For the Love of the Cozy Mystery

 

Ever since I started playing “Criminal Case” on my iPad, I have been intrigued by solving mysteries. Many top mystery books though involve a lot of gore and violence which doesn’t really appeal to me. My mom was the one to suggest reading what is referred to as “cozy mysteries” to me. Cozy mysteries are mystery novels that are not as intense in tone as regular mystery novels and have very little violence and gory scenes.

I started reading cozy mysteries last month and ever since I have been hooked on them. Some authors I would recommend for starting out are Lois Lavrisa, Joanne Fluke, and Gina LaManna. These are all authors whose books I have read and really enjoyed. The characters are very relatable and they are fast-paced books with unique settings and often a lighthearted tone to them.

What has allowed me to open up to cozy mysteries is the fact that lately I have been in a bit of a reading rut. It has been difficult to find books that I can really get swept away in and until last month I wasn’t reading books as frequently as I used to. Now that I have a new found love for cozy mysteries I am reading more and enjoy discussing these books with my mom.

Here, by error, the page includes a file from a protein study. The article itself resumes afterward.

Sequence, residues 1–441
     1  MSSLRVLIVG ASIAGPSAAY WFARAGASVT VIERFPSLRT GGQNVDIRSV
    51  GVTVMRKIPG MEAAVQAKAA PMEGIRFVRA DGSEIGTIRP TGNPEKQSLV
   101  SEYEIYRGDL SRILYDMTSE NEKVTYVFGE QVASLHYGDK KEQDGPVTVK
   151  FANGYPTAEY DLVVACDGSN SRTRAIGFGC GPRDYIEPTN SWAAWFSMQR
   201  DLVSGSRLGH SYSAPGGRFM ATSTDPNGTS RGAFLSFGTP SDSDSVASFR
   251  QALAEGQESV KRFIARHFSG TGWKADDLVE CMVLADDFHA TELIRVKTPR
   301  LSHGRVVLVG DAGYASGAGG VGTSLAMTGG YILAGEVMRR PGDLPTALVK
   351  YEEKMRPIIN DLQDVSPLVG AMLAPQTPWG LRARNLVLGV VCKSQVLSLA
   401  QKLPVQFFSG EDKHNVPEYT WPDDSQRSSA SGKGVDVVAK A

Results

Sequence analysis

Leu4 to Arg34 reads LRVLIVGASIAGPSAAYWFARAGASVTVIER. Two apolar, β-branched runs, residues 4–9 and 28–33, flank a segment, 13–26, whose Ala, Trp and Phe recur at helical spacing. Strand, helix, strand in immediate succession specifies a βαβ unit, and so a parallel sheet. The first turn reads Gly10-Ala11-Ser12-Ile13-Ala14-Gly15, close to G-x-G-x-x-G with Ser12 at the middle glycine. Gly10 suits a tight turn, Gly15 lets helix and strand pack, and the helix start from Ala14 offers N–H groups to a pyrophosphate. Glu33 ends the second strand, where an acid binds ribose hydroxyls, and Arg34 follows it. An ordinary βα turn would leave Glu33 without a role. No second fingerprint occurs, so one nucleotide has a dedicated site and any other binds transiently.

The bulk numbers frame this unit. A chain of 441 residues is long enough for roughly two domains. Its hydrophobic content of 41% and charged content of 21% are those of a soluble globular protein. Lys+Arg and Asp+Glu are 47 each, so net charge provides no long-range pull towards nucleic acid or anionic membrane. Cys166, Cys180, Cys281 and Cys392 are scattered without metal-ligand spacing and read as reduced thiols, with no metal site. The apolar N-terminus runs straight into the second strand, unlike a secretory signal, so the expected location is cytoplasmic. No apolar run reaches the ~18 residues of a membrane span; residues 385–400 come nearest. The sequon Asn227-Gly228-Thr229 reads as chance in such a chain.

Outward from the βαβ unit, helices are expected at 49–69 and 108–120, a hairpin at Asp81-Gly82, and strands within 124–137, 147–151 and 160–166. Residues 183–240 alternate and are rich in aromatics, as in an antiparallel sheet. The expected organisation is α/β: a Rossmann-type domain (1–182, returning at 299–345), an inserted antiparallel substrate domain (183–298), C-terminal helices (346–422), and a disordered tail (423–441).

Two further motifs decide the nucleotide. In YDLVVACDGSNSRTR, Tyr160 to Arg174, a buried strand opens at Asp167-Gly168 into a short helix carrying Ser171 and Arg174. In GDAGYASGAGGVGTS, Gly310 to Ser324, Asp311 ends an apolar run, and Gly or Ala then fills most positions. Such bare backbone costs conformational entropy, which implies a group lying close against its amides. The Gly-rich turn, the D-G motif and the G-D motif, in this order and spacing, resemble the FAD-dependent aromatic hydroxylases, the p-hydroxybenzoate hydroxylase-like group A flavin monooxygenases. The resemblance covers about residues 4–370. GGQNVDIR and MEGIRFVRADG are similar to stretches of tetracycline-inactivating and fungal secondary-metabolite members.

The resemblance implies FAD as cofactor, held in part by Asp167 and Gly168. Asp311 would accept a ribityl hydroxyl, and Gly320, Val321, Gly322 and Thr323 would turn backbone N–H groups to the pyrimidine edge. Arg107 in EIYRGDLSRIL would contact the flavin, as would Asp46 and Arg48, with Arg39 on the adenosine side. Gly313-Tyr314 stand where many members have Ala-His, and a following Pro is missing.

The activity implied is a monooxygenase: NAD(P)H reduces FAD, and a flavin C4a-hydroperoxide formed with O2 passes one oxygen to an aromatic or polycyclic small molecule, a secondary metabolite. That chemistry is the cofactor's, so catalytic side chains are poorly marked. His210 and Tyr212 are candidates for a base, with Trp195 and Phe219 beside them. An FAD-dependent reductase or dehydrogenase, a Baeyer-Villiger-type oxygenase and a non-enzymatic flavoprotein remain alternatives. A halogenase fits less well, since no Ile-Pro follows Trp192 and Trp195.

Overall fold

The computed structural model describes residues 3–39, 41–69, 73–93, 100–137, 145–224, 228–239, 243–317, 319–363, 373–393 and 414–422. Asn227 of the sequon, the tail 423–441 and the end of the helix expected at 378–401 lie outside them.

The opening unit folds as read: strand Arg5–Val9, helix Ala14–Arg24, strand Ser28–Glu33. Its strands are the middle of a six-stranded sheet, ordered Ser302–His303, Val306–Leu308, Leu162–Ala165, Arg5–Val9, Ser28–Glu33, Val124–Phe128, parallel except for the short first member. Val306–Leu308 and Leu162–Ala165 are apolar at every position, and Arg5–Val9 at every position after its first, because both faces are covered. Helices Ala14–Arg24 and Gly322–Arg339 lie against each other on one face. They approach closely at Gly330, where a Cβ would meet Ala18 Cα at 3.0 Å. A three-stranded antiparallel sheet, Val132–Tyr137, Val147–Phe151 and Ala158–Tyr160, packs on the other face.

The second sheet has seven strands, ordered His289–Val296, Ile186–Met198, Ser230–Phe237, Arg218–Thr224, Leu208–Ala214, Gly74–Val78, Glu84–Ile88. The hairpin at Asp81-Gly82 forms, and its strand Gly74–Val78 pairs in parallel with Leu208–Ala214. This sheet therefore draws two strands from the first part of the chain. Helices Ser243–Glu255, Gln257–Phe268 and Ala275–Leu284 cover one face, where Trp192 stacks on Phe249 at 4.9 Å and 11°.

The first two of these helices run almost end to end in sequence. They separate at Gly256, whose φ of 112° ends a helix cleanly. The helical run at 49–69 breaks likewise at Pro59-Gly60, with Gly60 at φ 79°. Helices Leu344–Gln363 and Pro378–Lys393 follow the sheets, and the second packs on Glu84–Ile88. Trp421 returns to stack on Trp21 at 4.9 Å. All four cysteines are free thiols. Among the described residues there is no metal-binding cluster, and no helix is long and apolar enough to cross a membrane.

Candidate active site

Why would I recommend cozy mysteries over more mainstream mystery novels? There is simply too much drama in the world today and a cozy mystery allows you to get away from all the tension and intensity and soak up a book that doesn’t have too much of that. Now don’t get me wrong—mainstream mysteries are still good books but I just can’t seem to attach myself to them as easily as I do to cozy mysteries.

The next time you visit your local bookstore or library I would suggest venturing over to the mystery section and consider checking out a cozy mystery. I guarantee that you won’t regret it.

How to Deal with Writer’s Block

Writer’s block is a problem that has plagued writers for years. I am almost positive that even the most successful and prolific authors have had bouts of writer’s block over the years. The issue though is how to handle this when it arises. I’m still figuring out my strategies of coping with this but here are a few tips when you’re lost for words:
• Put the difficult piece you’re writing aside for a bit and focus on something else. You may come up with ideas for the harder piece when you’re writing or doing something else.